USA TODAY - I'm always talking about the importance of keeping your computer safe from viruses that can expose your sensitive digital information. But today, I'm going to talk about the old-fashioned, low-tech kind of virus.
A cold or flu can shut down your productivity just as quickly as any computer virus outbreak. Sneezing and coughing aren't the only way viruses spread. Flu viruses can stay active on hard surfaces for a couple of days, and those hard surfaces include computer keyboards, mice, tablets and smartphones.
If you touch a germy keyboard and then touch your mouth, nose or eyes, chances are good that you'll get sick.
Your first line of defense is to get a flu shot and to wash your hands frequently with soap and water. If hand washing isn't convenient, use an alcohol-based hand rub.
Cleaning your gadgets at home and at work is another great defense.
Here are a few general tips before you start cleaning. Be sure to power down your tech gear. If it uses AC power, be extra safe and unplug it.
Don't spray cleaners directly onto electronic items or let liquids seep into openings.
Avoid using alcohol-based cleaners and abrasive cloths or paper towels on touch screens and computer monitors.
Phones and tablets
Phones are like petri dishes for germs and bacteria. Folks set them down on kitchen counters, park benches and restaurant tables. The gadgets spend a lot of time in pockets and purses that contain dollar bills and other germy things.
In fact, tests show that mobile gadgets can have more bacteria than a toilet. And you put that up to your face how many times a day? Yuck!
Give your phone, and tablet, a good rubdown with a microfiber cloth to clear it of germs and bacteria. Dampen the cloth slightly for more-stubborn stains and fingerprints.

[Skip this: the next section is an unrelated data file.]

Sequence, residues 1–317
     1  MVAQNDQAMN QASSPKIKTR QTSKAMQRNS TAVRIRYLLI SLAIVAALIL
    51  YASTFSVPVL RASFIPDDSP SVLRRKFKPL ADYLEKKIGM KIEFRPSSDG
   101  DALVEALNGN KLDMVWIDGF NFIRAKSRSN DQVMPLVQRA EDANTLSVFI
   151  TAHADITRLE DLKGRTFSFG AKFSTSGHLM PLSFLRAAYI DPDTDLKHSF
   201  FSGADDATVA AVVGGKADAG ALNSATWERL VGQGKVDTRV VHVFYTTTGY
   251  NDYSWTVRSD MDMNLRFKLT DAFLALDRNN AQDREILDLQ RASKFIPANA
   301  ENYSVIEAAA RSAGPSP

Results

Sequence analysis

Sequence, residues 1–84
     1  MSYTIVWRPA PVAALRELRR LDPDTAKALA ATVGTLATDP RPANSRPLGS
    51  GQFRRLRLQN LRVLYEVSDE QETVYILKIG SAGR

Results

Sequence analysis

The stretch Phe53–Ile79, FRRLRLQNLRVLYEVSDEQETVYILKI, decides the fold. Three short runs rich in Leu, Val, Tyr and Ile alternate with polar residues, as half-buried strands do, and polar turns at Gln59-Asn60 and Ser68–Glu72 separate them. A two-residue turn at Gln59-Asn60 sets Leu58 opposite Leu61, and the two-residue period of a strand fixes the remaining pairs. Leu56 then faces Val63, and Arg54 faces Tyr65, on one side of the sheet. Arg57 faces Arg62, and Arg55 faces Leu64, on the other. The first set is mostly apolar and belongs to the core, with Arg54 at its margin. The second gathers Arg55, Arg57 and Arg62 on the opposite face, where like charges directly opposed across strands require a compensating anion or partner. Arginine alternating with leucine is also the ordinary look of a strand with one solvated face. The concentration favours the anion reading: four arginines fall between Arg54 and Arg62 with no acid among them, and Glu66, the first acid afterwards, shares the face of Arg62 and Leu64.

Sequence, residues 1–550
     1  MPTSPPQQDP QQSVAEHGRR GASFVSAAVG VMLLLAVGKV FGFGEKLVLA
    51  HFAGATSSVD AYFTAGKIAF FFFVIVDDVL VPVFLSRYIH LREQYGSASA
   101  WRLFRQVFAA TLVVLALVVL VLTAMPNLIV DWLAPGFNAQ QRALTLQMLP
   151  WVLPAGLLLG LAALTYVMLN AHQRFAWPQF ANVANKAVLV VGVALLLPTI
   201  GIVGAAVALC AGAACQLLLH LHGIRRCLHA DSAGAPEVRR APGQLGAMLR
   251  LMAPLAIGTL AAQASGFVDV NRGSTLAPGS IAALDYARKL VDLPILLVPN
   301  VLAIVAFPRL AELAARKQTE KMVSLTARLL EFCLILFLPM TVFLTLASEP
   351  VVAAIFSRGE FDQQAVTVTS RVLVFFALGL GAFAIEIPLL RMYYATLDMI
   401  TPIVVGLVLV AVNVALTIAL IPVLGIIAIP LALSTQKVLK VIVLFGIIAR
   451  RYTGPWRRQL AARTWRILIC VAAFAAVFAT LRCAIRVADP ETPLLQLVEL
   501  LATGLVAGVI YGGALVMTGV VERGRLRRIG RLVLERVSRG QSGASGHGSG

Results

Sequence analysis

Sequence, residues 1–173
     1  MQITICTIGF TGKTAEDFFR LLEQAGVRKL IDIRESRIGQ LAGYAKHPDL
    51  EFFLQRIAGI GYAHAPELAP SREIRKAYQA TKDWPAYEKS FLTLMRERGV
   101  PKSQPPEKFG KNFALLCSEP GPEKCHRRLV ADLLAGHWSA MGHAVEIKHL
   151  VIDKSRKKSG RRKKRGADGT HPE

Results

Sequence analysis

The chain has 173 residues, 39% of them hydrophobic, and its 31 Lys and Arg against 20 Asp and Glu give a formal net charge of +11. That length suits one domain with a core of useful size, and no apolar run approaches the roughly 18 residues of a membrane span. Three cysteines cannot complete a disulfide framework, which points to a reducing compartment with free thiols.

Be sure to wash your microfiber cloths - or use antimicrobial versions - to avoid germ buildup within the fibers.
Stick-on screen protectors can be cleaned a little more aggressively and thrown away and replaced as needed.
Computers and accessories
You're constantly touching a keyboard and mouse at work and at home. So it's a good idea to wipe them down daily during flu and cold season. It's especially important when you share a computer with others.
If your keyboard and mouse are wired, unplug them from the computer. If they're wireless, shut them off and remove the batteries.
A keyboard that hasn't been cleaned for a couple of years probably has a fair amount of bread and potato chip crumbs lodged between the keys. A few blasts of compressed air will make quick work of that chore.
Next, do a few passes with bleach-free disinfecting wipes.
Have a laptop? Clean off the keyboard and track pad the same way. Just be sure the laptop is turned off.
To clean a desktop computer case, use a disinfecting wipe to go over plastic and metal surfaces. For the display, use a soft, slightly damp lint-free cloth.
Make sure that the wipes you use aren't overly damp. Squeeze out excess liquid before using.
Occasionally, you'll run into someone on the Internet who recommends tossing a keyboard into the dishwasher. Bad idea!
You'll definitely want to wipe down the top of your desk.
If you have a landline at home or work, wipe the handle and mouthpiece regularly with a disinfecting wipe.
Place a bottle of alcohol-based hand sanitizer and a box of tissues next to your computer and use them frequently. If a tissue isn't handy, sneeze and cough into your elbow to avoid broadcasting germs.
Any surface at your workplace or home should be disinfected routinely if more than one person touches it. Think remote controls, doorknobs, appliance handles and faucets.
If everyone puts in a little effort, we can all stay healthier this flu season. Now do one more thing, share this helpful article with your family, friends and co-workers.
Kim Komando hosts the nation's largest talk radio show about consumer electronics, computers and the Internet. To get the podcast, watch the show or find the station nearest you, visit www.komando.com. E-mail her at firstname.lastname@example.org.
(Copyright © 2013 USA TODAY)